I like most individuals - even my racist co-workers - but hate humanity. However, it's good for me in the long run to have a strong society. The sociopaths that destroy the common good to line their own pockets can't even see *that* far off the end of their noses.
posted by notsnot at 7:18 PM on August 26, 2013 [2 favorites]


It's interesting to read political theorizing that so completely fails to consider the role of elites, especially coalitions of decision-makers and financiers, in shaping policy. I don't quite understand what kind of political orientation this represents, but it certainly lets a lot of very plainly culpable individuals, groups and institutions off the hook rather blithely for making war on the public good.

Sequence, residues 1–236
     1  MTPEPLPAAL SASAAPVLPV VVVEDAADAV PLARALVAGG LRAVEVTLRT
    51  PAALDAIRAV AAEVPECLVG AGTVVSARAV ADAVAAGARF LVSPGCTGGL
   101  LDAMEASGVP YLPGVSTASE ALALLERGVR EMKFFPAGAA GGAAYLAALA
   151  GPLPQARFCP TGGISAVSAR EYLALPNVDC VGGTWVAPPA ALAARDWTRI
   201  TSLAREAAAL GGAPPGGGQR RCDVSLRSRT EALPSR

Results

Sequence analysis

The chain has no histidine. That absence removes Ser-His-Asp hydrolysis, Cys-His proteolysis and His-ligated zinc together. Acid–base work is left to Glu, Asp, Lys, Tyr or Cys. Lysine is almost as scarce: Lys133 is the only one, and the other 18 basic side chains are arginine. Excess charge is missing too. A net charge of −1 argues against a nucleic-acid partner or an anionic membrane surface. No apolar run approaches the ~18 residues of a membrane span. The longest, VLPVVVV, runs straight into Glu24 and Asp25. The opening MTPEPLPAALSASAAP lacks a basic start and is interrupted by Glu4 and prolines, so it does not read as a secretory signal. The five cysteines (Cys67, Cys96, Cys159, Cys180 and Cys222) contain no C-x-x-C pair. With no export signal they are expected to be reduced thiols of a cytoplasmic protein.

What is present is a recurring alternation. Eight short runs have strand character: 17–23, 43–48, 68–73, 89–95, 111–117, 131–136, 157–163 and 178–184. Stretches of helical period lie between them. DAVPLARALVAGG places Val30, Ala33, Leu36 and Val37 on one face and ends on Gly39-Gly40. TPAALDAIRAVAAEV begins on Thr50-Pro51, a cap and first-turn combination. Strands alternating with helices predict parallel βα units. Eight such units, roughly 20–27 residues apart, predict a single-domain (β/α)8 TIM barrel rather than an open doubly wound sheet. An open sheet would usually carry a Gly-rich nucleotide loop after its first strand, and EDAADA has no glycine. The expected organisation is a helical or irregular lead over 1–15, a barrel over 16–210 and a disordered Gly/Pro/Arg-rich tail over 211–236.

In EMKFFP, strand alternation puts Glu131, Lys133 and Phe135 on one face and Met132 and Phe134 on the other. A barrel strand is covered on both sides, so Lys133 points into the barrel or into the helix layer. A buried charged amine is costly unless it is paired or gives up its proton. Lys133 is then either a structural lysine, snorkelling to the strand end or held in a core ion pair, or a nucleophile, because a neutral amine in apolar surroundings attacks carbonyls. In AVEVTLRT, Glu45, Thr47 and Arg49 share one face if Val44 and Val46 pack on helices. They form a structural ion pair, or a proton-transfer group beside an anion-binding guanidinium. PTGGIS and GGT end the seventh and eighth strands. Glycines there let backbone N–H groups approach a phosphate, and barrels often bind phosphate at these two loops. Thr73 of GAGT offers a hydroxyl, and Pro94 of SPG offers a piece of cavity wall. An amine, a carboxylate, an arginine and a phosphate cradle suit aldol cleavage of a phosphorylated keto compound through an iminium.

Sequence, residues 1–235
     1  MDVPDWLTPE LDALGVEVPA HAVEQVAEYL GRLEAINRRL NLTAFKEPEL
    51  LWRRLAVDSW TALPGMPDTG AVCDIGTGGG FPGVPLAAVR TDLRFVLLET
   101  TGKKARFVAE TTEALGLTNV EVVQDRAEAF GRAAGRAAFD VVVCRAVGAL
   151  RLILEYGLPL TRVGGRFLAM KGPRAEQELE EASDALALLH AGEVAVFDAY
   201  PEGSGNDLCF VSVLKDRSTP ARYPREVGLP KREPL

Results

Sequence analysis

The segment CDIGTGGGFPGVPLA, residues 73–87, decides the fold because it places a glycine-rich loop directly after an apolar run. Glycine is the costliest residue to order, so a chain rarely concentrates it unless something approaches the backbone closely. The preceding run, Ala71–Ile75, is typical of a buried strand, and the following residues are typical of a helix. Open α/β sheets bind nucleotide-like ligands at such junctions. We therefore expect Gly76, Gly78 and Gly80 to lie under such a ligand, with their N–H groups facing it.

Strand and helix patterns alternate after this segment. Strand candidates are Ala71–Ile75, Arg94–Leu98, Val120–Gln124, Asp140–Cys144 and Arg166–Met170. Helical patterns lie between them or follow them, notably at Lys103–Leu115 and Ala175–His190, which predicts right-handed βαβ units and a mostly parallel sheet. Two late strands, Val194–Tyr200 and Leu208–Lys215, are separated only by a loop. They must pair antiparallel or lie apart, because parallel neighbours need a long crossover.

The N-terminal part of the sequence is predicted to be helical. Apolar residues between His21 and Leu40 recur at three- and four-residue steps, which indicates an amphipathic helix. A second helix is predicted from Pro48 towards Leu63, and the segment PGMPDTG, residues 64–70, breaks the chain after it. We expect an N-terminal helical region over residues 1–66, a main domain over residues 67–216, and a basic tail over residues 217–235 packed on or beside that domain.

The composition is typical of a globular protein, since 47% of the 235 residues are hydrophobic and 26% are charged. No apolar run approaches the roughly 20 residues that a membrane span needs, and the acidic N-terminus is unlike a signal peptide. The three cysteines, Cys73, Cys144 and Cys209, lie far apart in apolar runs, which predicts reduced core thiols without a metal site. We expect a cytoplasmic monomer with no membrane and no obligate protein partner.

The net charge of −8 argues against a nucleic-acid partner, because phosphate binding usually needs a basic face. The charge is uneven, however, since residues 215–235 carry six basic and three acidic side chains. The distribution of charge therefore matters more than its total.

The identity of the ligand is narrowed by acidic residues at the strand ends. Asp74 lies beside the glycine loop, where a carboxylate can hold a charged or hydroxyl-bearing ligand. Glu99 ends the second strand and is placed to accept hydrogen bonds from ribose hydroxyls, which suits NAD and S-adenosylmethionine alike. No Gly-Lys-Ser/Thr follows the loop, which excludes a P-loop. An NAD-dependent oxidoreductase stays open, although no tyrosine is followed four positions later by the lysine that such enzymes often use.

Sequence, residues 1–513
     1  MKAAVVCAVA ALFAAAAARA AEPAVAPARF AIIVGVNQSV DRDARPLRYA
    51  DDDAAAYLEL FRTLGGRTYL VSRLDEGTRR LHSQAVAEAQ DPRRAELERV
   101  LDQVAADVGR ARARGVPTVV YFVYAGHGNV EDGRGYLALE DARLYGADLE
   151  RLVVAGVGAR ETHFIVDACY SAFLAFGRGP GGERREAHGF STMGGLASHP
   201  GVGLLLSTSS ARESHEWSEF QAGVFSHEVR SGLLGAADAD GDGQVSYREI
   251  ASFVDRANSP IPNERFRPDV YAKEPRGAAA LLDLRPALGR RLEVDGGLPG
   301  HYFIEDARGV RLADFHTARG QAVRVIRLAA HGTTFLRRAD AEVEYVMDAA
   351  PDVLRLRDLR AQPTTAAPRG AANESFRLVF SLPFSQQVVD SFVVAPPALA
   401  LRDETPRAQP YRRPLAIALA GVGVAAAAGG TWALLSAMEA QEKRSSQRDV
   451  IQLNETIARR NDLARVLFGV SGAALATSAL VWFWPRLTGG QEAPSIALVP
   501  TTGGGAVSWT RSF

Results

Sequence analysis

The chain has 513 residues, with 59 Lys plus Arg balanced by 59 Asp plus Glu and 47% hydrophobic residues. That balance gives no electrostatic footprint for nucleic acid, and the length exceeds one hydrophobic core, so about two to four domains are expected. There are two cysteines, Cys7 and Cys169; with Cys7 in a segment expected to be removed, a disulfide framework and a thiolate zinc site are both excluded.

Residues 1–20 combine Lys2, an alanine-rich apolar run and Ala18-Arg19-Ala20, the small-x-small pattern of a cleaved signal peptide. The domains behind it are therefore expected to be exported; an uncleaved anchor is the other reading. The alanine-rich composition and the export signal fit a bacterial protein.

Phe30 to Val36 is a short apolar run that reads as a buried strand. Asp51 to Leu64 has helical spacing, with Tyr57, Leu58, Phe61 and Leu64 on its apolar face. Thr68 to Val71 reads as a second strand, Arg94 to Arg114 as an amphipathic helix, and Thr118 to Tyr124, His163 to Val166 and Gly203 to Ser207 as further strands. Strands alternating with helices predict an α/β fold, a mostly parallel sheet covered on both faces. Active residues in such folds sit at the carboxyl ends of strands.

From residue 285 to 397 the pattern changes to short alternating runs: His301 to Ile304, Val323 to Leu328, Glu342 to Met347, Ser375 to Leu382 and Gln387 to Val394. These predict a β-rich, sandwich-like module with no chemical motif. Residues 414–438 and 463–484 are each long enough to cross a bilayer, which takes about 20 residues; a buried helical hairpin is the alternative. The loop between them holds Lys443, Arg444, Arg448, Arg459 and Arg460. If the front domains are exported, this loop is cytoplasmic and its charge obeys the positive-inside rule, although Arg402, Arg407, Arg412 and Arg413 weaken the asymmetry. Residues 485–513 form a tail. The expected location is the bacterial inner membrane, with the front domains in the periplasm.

Sort of odd, too, that he either doesn't know or doesn't want to use a term that succinctly characterizes the ideology of privatization and starving the public good which he describes. Now, why would he so assiduously avoid mentioning either decision-makers or ideology? I wonder.

I've harped on about this before - and it's just a tiny facet of the gallimaufry of social theories flying around - but honestly, I think we are returning to an historical mean.

Do not despair.
posted by clockzero at 7:22 PM on August 26, 2013 [1 favorite]


Countess Elena and anyone else interested in how certain public goods have become "otherized", I highly recommend you read Urban Injustice: How Ghettos Happen by David Hilfiker. It's a slim volume, but an essential primer on how these issues have been framed and legislated. I think I've recommended it here on MeFi before, but here are some relevant quotes.